When she muttered "O-okay, Uncle.", her voice was soft and shaking. Her tutor had told her she was lucky that her mother's family was taking her in, that it wasn't the way things used to be done, that her uncle must be a very kind man if he was willing to take her in. Kelani didn't feel like he was kind - she knew he didn't want her. She didn't want him, or her cousins, or her Aunt, or any of the things that were in her future. She only wanted to stay here. The problem was, she didn't have a way to managed on her own. Reluctantly, sadly, she nodded.

"Good." His smile became a little more genuine. "Now, go pack your things. We'll be leaving in a few hours."

The Cardassian capital city was just as big as she remembered.

The severe lines of the buildings in the Paldar sector stretched on as far as she could see. When they had entered this sector, her uncle had told her that it was one of the best parts of the city - a place where important people lived.

Whether or not that was the case, it was certainly much bigger than the Fleet city on Cardassia V she still thought of as home. This area of the city didn't show much outward damage, or construction, unlike other areas of the city. Maybe they fixed it all because it really was an important part of the city.

She had come to the city a few days before. Her protests were overridden, and now she was here. She had met her cousins, her aunt, the family's staff - everyone in the household. The house was big, too. Overwhelmingly big. Kelani had been given clearance to remain out of academic studies while she adjusted to her new surroundings, and despite her displeasure at being here she was happy about that.

Kelani stood down from her tip-toe view out the window and picked up her worn down riding hound plush. The eight-year-old climbed onto the bed and buried her face in the synthetic fur of the old canine. She didn't know how long she sat there for, eyes closed and breathing quietly, but the sudden 'woosh' of her door opening startled her when it did occur.

A Cardassian boy stepped in. She recognized him as one of her cousins, but she couldn't place the name. What was it? Kalmir! This was Kalmir. He was eight, just like Kelani, but was significantly larger. He hadn't really said anything to her in the few times they had seen one another. She hadn't really had a chance to get to know him.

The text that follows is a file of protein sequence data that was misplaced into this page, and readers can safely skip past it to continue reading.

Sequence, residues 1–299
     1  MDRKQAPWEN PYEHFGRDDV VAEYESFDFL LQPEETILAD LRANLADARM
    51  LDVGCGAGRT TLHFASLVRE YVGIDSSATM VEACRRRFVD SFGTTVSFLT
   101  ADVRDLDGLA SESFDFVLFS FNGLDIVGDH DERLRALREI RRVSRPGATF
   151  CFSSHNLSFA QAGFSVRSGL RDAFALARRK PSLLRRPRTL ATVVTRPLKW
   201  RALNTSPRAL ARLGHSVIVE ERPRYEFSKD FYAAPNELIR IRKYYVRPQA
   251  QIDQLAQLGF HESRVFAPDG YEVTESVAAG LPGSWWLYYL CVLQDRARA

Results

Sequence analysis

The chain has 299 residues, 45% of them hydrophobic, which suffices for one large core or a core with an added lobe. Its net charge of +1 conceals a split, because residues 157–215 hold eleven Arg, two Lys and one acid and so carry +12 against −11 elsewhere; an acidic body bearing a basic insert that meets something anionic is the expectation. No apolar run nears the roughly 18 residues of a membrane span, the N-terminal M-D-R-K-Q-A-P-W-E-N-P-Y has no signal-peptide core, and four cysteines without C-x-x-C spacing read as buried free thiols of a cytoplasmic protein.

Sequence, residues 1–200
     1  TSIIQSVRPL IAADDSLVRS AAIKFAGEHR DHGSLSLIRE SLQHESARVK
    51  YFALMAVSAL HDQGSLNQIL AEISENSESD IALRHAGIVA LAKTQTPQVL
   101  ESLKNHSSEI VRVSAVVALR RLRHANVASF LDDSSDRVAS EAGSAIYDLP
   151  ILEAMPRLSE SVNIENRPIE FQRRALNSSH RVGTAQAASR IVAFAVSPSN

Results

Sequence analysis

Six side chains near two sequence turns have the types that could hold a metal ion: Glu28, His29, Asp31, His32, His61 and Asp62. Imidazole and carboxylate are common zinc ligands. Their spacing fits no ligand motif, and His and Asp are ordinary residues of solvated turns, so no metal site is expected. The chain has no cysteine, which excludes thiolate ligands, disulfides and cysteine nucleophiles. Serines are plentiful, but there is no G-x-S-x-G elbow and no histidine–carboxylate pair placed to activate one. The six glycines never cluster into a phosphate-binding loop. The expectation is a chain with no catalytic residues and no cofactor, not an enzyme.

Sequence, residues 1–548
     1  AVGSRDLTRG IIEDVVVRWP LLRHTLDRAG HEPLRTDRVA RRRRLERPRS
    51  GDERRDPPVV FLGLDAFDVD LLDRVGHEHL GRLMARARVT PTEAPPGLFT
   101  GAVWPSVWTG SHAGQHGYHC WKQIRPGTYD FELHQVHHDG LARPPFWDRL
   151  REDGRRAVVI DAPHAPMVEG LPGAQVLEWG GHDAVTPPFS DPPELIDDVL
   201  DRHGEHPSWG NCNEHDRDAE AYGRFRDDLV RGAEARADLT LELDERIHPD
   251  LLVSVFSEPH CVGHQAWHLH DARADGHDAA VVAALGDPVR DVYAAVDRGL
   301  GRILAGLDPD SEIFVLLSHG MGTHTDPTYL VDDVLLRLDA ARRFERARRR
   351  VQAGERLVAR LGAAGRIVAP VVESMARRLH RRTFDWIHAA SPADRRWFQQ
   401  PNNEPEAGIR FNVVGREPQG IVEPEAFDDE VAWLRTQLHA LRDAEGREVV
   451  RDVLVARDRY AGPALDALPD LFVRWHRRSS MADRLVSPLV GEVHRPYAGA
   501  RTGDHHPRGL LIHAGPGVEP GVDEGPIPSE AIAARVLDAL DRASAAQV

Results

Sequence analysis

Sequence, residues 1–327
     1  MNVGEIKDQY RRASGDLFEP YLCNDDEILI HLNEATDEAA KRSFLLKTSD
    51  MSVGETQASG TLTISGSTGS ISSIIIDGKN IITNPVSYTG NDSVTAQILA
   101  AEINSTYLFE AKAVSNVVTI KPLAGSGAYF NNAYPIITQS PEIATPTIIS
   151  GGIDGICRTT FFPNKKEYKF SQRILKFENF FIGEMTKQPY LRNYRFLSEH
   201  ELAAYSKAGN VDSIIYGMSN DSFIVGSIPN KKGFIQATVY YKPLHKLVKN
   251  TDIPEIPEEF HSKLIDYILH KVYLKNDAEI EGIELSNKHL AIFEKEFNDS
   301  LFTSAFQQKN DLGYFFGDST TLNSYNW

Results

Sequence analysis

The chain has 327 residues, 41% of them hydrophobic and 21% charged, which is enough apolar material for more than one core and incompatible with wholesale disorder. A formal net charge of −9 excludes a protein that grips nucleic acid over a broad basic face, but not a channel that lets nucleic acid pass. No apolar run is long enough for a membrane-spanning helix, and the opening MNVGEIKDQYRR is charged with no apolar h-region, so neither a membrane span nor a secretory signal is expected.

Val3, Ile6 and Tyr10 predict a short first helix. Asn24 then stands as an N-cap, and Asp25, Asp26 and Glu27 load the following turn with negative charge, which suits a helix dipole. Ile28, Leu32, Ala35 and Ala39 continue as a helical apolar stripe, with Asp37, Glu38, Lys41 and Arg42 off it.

"Hello." Kalmir greeted her firmly, his young voice mimicking the military precision his father spoke with. Kelani thought he sounded stupid trying to sound like an adult.


There was a long, awkward silence. The young girl set her plush toy down and slid off the bed, her bare feet hitting the stone floor. Kalmir was watching her, and she realized he had the same eyes his father did. Searching, bright, and unsettling. Kelani was glad she didn't have those eyes...they made her uncomfortable to look at. She squirmed.

"Can I, um, help you?" Her voice squeaked out more than she intended for it to. She smiled widely, though it wasn't genuine at all.

"Dad said to let you know we're having supper soon." His gaze lingered over the toys and PADD strewn across the bed, then turned back to Kelani. Her stomach knotted at the look. The Cardassian boy folded his hands behind his back, mimicking his father's gesture again. "So I'm letting you know."

"...okay, gimme a few minutes."

He continued to watch her. She couldn't figure out what he was thinking. Clapping her hands together in front of her, Kelani smiled a little wider.


At her apprehensive noise, the boy turned on his heel and walked out of the room, the door sliding shut behind him.

She stopped and stared after he departed. She had hoped that maybe soon, her father would send communication to the household. He hadn't sent anything since Mother died. Though the hope blossomed in her heart that maybe, just maybe, her father would come take her away from Cardassia Prime, the reality was different.

Kelani knew her father. He would have her stay here. She wasn't comfortable here - the house, the people, the city, it was all too strange. was her home now, though.

How dumb.
Spoiler: Part SixShow

As Kelani stepped off of the transport, she was struck by how familiar everything felt. The young woman was the first to step out of the airlock. The journey had been long enough on the Cardassian civilian transport that when the approach to Deep Space Nine was announced she was the first, eagerly waiting. Now, finally aboard the station, she gathered her skirt and stepped out of the way as others departed.